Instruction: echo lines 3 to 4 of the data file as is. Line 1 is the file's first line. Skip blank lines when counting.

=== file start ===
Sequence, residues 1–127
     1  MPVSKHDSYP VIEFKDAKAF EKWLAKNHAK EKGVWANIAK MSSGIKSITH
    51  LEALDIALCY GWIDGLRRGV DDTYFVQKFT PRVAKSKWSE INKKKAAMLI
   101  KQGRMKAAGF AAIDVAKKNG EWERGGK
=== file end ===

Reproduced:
    51  LEALDIALCY GWIDGLRRGV DDTYFVQKFT PRVAKSKWSE INKKKAAMLI
   101  KQGRMKAAGF AAIDVAKKNG EWERGGK